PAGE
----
Don't get soaked buying a flood-damaged car

June 10, 2014

June 10, 2014 -  CALGARY, ALBERTA - Last week a "Classic Car Fraudster" was caught trying to peddle a pretty, but damaged flood car to unsuspecting buyers. BBB says the effects of flooding in southern Alberta reach beyond the devastation of house and home and is warning consumers not to let it find its way into your driveway. 

Sandra Crozier-McKee, president and CEO of BBB Serving Southern Alberta and East Kootenay, says even though a year has passed, consumers still need to be wary of shady salespeople. "We are urging new and used car buyers to be cautious of unscrupulous businesses and individuals who may try to sell flood-damaged cars without revealing the vehicles' history," she says. "It's unfortunate, but it happens, and we'd like to make sure consumers in our area know what to look for when buying a car after the floods."

BBB recommends the following tips to help consumers determine if a car is flood-damaged:

  1. Ask to see the title of a used car. Check the date and place of transfer to see if the car came from a flood-damaged area and if the title is stamped "salvage."
  2. Check the Vehicle Identification Number. Visit to verify that the VIN has not been listed as stolen. 
  3. Check dashboard gauges. Ensure they are accurate and look for signs of water.
  4. Test the features. Test the lights, windshield wipers, turn signals, cigarette lighter, radio, heater and air conditioner several times to make sure they work. Also, flex some wires under the dash to see if they bend or crack, since wet wires become brittle upon drying and can crack or fail at any time.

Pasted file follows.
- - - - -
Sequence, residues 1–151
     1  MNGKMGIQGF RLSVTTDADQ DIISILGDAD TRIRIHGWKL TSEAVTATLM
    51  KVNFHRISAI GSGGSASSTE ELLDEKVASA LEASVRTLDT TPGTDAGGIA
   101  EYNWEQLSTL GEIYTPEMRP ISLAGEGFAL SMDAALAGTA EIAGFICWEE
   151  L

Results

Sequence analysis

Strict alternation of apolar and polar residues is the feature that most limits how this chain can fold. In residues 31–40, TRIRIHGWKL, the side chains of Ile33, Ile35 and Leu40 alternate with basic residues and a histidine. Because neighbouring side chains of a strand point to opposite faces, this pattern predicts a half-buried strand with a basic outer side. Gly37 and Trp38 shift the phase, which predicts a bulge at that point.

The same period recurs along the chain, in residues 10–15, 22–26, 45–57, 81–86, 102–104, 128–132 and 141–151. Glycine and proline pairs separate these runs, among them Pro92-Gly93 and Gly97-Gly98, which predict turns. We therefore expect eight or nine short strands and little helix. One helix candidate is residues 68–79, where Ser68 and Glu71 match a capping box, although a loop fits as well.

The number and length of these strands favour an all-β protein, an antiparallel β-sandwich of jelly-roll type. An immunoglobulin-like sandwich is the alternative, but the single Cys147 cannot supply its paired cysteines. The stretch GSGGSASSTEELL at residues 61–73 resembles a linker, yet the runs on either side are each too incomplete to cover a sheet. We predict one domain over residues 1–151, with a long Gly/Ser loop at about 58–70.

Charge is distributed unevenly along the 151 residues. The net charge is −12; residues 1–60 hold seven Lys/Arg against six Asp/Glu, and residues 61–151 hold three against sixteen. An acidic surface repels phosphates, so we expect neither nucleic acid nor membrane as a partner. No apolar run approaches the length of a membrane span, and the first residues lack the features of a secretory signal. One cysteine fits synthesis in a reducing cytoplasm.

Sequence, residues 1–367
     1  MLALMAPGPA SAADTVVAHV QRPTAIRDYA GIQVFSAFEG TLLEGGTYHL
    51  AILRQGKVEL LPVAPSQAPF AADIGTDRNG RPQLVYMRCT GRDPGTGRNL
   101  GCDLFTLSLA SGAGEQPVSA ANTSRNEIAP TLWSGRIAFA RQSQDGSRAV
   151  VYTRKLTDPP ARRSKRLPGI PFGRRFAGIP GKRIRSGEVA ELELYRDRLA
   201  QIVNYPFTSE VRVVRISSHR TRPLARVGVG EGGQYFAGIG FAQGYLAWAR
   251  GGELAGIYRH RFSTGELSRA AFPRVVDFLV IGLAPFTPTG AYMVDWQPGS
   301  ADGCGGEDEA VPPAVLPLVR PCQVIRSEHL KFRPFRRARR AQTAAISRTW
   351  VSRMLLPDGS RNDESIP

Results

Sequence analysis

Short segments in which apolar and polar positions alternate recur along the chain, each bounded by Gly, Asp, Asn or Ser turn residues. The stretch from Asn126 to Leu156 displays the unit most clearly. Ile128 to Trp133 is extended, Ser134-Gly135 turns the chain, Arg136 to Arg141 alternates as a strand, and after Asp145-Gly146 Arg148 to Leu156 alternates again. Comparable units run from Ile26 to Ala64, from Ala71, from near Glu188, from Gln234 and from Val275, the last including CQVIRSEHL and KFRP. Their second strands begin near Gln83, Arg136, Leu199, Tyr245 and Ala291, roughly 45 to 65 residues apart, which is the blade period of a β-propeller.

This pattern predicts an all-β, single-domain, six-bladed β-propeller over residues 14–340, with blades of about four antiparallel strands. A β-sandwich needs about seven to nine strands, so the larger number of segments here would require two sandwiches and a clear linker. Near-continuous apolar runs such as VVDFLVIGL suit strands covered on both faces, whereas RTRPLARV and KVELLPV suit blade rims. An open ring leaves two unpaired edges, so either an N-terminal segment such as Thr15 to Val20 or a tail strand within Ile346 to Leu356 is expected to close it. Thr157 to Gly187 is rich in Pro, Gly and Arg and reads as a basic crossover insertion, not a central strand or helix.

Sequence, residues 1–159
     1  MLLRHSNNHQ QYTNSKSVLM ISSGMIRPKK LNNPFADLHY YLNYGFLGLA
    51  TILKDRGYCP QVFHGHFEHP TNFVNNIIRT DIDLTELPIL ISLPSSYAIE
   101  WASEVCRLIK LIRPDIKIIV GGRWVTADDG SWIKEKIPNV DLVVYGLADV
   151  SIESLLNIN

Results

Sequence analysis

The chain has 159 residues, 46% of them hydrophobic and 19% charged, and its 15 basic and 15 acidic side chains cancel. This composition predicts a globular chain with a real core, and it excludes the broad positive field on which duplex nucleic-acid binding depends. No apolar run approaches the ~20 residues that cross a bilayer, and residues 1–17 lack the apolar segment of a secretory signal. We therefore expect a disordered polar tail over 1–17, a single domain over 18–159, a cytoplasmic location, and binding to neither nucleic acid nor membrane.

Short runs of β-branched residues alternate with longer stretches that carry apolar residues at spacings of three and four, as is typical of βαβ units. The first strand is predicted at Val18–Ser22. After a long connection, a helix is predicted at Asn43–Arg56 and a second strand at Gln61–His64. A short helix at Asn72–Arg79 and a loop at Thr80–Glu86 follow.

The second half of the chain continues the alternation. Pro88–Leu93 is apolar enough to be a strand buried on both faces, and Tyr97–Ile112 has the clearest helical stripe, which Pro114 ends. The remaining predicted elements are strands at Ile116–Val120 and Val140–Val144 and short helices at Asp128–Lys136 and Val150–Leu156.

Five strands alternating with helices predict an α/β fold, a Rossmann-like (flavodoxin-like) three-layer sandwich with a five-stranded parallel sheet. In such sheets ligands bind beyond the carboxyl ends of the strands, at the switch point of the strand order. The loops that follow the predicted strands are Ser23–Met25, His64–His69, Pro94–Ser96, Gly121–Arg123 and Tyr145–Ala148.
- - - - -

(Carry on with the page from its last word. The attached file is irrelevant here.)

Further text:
5. Check for rust and other damage. Look at the trunk, glove compartment, and beneath the seats and dash for signs of mud, rust or water damage.
  6. Look for discolored, faded or stained upholstery and carpeting.Carpeting that has been replaced may fit too loosely or may not match the interior color.
  7. Check for odors. Look for a well-defined line, or watermark and for musty odors resulting from mildew.
  8. Check out the dealer's reputation. Check the reliability of the dealer by contacting BBB.
  9. Get it in writing. If you decide to buy the car, obtain written documents including the bill of sale. This will determine important details which are outlined on Alberta Transportation's website at 
  10. Before buying any used car, always get a pre-purchase inspection by a trusted mechanic. The extra cost may save you money in the long run if major problems are discovered.

 For more consumer tips, visit 

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Media contact:

Leah Brownridge
Marketing and Communication Coordinator, BBB


About BBB:

For more than 100 years, Better Business Bureau has been helping people find businesses, brands and charities they can trust. In 2016, people turned to BBB more than 167 million times for BBB Business Reviews on more than 5.2 million businesses and Charity Reports on 11,000 charities, all available for free at There are local,independent BBBs across the United States, Canada and Mexico, including BBB Serving Southern Alberta and East Kootenay, which was founded in 1954 and garners more than one million instances of service annually. 

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